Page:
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The 3 best (and worst) parts about living alone

The number of Canadians who live alone now outnumber households of couples with children. While the debate over the impact of this demographic swing on the population is far from over, it's worth noting that life as a singleton comes with its own set of perks – and some rather annoying challenges. Here, a lighthearted look at the pros and cons:

PROs

Embrace weird habits

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Maybe you enjoy singing aloud to yourself. Perhaps you see no point in washing the dishes until there is no clean utensil or plate left in sight. Sometimes you just feel like playing video games on your Xbox for 15 hours straight. Only when you live alone do you have the freedom to exercise these quirks. The impact these eccentricities will have on your personality over time? That's another story.

Rule the refrigerator

Go ahead and slug milk right from the carton. Scoop globfuls of peanut butter directly from the container with your hands. No need to adhere to food-sharing etiquette when you're the only one who's going to be dining on the ice cream in the freezer.

No pants, no problem

There's no need to be oppressed by constricting skinny jeans when the only person around is your reflection in the mirror. Not so if your household numbers two or more. Unless you live in a freewheeling utopia where the normal rules of society don't apply (or are an avid follower of the "No Pants" movement) chances are your spouse or kids won't be on board with your decision to forgo garments to cover your lower half.

CONs

You might be broke

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Sure you can sing in the shower at 2 a.m., but you might have to scrimp and save to pay your water bill on time. Living the single live may be rife with freedom, but it comes with a price tag with your name on it. Housing, transportation, cable, food and other costs can quickly add up when you are the household's sole dweller. Admittedly, having a family to support is expensive, too. But more households today than in generations past are made up of two earners, making it easier to pay for the bare essentials with some leftover for wallet-sucking extras like dance class or family trips to Disneyland.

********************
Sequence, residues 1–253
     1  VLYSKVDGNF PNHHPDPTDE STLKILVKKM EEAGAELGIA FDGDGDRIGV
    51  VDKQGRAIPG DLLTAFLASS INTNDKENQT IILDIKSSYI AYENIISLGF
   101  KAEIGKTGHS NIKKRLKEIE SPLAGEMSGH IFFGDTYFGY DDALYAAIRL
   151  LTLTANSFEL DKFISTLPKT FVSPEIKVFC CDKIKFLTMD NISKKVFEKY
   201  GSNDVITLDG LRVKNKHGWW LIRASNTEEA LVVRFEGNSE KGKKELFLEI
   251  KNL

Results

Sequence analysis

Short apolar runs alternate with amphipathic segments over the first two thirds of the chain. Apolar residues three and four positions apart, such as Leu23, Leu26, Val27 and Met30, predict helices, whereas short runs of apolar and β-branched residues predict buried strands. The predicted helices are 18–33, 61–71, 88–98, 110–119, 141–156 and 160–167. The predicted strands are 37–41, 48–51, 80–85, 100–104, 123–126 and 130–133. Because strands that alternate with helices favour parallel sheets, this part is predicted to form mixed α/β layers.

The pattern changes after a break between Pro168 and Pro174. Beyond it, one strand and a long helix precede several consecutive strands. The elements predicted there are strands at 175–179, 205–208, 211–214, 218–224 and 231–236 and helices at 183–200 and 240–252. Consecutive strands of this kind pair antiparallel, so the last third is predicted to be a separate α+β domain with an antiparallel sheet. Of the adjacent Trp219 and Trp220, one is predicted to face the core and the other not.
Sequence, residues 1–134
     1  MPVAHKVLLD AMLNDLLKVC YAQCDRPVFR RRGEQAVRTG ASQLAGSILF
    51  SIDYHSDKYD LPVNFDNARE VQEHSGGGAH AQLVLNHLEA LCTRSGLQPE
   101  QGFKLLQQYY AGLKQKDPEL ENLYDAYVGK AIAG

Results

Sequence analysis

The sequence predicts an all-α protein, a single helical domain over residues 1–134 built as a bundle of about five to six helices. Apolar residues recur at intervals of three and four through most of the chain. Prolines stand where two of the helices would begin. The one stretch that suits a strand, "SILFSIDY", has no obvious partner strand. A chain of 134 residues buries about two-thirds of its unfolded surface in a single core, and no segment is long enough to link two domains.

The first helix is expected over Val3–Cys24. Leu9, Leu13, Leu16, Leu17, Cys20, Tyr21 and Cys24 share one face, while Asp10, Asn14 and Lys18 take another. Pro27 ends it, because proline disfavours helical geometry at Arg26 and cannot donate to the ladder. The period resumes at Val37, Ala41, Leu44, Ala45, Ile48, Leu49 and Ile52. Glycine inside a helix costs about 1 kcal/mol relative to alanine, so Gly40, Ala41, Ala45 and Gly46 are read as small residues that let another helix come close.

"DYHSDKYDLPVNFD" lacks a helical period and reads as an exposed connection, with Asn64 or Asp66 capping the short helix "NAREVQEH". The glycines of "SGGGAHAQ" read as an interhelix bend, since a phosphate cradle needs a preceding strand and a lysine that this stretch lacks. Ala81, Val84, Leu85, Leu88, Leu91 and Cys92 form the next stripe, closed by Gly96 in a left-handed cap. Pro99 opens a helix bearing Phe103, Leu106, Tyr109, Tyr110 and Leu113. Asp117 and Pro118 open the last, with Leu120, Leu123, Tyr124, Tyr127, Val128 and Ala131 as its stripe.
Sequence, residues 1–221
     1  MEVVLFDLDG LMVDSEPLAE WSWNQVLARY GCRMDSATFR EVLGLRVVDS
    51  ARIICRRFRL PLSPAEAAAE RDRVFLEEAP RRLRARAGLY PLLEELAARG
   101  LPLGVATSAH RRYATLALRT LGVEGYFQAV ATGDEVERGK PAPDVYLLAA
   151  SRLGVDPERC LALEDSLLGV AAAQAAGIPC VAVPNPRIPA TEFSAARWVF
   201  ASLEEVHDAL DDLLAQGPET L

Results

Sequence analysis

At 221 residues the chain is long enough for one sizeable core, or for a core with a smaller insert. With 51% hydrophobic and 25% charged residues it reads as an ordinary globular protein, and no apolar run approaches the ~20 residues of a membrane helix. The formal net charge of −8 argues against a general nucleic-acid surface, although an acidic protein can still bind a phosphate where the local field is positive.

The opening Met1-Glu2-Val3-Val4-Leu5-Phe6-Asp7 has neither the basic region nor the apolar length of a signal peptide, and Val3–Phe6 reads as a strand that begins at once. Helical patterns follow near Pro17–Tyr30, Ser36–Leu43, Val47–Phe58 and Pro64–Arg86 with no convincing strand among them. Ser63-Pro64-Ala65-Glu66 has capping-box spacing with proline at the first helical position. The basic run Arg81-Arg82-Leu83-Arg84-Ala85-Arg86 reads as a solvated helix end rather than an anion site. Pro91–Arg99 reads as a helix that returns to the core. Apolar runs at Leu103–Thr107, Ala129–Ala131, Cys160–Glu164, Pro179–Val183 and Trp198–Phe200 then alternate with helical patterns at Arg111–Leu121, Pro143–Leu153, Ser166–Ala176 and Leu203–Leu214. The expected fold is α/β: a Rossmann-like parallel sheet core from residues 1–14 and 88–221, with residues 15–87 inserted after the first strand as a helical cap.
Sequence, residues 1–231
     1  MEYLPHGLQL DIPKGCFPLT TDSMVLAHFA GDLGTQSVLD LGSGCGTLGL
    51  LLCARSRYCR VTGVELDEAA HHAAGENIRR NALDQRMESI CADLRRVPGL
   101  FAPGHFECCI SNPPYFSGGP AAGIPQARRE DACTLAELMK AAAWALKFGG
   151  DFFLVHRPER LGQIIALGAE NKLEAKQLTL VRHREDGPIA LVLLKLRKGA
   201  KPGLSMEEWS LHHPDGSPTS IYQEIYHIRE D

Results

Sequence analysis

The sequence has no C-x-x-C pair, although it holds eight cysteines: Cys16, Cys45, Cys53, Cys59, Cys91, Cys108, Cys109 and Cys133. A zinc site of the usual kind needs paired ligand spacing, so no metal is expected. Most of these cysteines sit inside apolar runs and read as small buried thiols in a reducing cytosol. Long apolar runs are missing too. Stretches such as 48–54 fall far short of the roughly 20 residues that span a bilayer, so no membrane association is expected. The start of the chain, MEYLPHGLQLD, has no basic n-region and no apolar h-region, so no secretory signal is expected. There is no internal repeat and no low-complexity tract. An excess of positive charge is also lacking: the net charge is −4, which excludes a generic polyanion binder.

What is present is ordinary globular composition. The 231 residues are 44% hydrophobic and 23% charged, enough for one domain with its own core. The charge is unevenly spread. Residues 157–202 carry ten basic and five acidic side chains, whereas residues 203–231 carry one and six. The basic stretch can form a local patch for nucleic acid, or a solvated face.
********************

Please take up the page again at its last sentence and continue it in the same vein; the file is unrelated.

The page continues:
No helping hand

Sometimes you need a warm body to help you with an awkward zipper or to open a stubborn jar of pickles. If no one is around, you might find yourself running next door for assistance. That's certainly one way to get to know your neighbours.

Too much alone time

Everyone wants a little down time to relax and recharge in silence. But sometimes a peaceful break can morph into a cavernous silence. Loneliness can strike anyone, including those who live in a house packed with people. But solo dwellers, who have to make more of an effort to stay connected to the outside world, may be more vulnerable to feeling lonely or isolated, which can have detrimental effects on health in the long term.

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About the Author

Carly Weeks has been a journalist with The Globe and Mail since 2007.  She has reported on everything from federal politics to the high levels of sodium in the Canadian diet. More

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